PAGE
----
Scientific work must not be considered from the point of view of the direct usefulness of it. It must be done for itself, for the usefulness of science, and then there is always that chance that a scientific discovery may become like the radium: a benefit.
Marie Curie was born on Novermber 7, 1867 in Warsaw, Poland. She was born into a family with 5 other siblings. Her parents were both teachers. Her father was a science teacher and supplemented her education at school. she was involved in a student run revolutionary organization. In 1891 she left Poland after it fell to Russia. In Paris, she continued her studies at the Sorbonne. She received Licenciateships in physics and mathematical sciences. In 1894, she met Pierre Curie a professor in the school of physics. Later on, they would marry and have three children.
Marie's inspiration was the rays that were discovered by Roenfghen and Henri Becquerel. Roenfghen is credited for the discovery of x-rays and Becquerel for rays given off by Uranium. Marie began to further discover these rays. When examining the material called Pitchelende she thought she was finding rays of Uranium. Surprisingly, she found many more rays than expected. After working for many hours in the lab with her husband, they found out there were two new elements in the substance. One element was named Polonium after her birthplace, Poland. The other element that she found was named Radium due to the fact that it gave off so many rays. Her and her husband developed the term "radioactivity" to describe the characteristic some elements have when they emit rays.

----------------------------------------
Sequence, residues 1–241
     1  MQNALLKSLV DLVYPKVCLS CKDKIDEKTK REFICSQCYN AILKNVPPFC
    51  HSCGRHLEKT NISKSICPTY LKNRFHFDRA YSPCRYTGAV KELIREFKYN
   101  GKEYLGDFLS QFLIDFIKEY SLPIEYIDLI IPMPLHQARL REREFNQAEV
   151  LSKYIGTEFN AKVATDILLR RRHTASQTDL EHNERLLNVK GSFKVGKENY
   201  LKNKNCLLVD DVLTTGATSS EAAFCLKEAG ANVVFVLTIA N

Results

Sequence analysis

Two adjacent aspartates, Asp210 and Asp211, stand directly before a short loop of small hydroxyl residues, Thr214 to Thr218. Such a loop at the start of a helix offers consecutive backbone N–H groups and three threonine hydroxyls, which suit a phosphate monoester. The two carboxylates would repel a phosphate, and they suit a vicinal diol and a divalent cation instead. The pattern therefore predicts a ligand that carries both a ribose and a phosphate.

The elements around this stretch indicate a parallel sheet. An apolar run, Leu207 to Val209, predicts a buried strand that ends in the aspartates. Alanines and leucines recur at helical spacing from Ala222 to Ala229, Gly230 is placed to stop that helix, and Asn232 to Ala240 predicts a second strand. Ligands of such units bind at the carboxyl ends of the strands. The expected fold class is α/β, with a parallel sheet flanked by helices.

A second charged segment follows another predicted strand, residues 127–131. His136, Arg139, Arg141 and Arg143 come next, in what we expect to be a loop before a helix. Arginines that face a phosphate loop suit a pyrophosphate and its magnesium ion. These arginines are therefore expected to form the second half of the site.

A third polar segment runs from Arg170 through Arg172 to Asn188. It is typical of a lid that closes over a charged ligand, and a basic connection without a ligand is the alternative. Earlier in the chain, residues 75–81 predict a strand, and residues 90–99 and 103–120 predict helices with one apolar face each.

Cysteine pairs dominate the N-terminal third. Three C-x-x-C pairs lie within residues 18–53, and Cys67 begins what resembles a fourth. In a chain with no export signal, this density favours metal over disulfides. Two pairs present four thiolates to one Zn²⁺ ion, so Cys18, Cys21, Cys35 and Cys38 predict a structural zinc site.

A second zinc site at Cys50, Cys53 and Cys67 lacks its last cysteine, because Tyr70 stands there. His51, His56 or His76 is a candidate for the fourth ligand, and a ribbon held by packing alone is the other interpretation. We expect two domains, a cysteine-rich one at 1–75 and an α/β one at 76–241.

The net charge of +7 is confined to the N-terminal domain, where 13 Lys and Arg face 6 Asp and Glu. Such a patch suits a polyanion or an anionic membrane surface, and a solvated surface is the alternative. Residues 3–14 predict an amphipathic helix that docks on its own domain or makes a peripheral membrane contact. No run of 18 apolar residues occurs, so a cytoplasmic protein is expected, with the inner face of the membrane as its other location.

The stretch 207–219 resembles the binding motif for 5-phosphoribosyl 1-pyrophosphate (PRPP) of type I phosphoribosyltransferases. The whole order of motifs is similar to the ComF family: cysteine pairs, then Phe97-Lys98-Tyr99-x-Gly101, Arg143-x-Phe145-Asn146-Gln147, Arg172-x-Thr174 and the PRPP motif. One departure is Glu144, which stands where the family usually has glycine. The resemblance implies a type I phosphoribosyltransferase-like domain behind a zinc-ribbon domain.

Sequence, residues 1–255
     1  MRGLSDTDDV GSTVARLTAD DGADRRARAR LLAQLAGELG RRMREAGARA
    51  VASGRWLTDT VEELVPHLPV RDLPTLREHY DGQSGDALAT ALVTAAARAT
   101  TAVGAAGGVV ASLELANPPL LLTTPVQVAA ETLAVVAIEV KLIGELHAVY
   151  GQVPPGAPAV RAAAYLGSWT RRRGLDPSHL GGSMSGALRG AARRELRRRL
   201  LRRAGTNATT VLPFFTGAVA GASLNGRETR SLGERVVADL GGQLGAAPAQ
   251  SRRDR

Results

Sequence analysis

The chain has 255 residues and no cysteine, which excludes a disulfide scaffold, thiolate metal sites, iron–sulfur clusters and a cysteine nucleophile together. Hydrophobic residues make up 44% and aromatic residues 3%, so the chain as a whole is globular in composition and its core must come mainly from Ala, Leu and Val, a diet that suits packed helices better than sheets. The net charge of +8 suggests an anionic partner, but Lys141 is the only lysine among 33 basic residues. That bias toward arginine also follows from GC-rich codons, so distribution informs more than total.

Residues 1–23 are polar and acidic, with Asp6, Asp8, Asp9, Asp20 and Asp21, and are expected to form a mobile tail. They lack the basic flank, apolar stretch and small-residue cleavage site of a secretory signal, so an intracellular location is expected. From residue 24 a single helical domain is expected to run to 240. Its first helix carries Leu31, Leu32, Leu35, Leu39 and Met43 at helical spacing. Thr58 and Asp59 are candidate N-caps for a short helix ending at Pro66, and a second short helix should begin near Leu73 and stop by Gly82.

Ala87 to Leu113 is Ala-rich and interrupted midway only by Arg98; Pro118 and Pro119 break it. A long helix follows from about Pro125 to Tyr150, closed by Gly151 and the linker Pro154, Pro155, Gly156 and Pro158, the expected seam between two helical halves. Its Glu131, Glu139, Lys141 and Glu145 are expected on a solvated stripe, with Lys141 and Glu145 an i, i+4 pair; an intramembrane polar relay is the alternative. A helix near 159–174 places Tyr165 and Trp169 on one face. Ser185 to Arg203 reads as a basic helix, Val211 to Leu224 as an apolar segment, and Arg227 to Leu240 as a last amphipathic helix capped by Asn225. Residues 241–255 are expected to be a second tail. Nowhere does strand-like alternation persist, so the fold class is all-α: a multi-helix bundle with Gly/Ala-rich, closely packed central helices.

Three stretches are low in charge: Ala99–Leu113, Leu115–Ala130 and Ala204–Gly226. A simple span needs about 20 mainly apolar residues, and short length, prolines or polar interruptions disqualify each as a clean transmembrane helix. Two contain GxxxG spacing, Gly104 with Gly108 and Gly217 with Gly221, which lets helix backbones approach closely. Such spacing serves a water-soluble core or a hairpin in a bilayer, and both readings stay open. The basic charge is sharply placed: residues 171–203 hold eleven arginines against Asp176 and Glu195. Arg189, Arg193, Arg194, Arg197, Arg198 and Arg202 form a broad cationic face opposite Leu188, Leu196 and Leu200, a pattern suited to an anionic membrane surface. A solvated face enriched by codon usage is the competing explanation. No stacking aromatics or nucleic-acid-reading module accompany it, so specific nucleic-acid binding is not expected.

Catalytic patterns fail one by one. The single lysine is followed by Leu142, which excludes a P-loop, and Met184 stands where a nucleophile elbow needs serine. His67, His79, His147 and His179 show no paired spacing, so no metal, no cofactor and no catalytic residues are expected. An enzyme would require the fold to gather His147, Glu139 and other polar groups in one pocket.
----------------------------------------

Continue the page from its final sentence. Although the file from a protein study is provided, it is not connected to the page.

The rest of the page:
In 1903, Marie and Pierre won the Nobel prize in physics for their work in radiation. At this time, Marie was the only women in history to win a Nobel prize in physics. In 1911, Marie won the Nobel prize in chemistry due to her discovery of two new elements. This made her the only person in history to win two Nobel prizes in more than one field.
HER WAR EFFORTS.
Marie Curie's research concluded the x-ray can help determine an injury in a wounded soldier. She noticed there were not enough x-ray machines to supply every hospital with enough equipment. She came up with an idea. Marie Curie told doctors that x-ray machines can be shared by hospitals if they are properly placed in a truck and used correctly. Marie was responsible for training doctors on how to use the equipment and installed many. These trucks are better known as petites Curies. It is believed that this invention saved the lives of over 1,000,000 soldiers in WWI.
Marie died July 4, 1934. She died from overexposure of radiation from her experiments and her work with x-rays. Due to such a devastating death, as of today there are many safety measures to keep scientists safe from exposure and other harmful chemicals.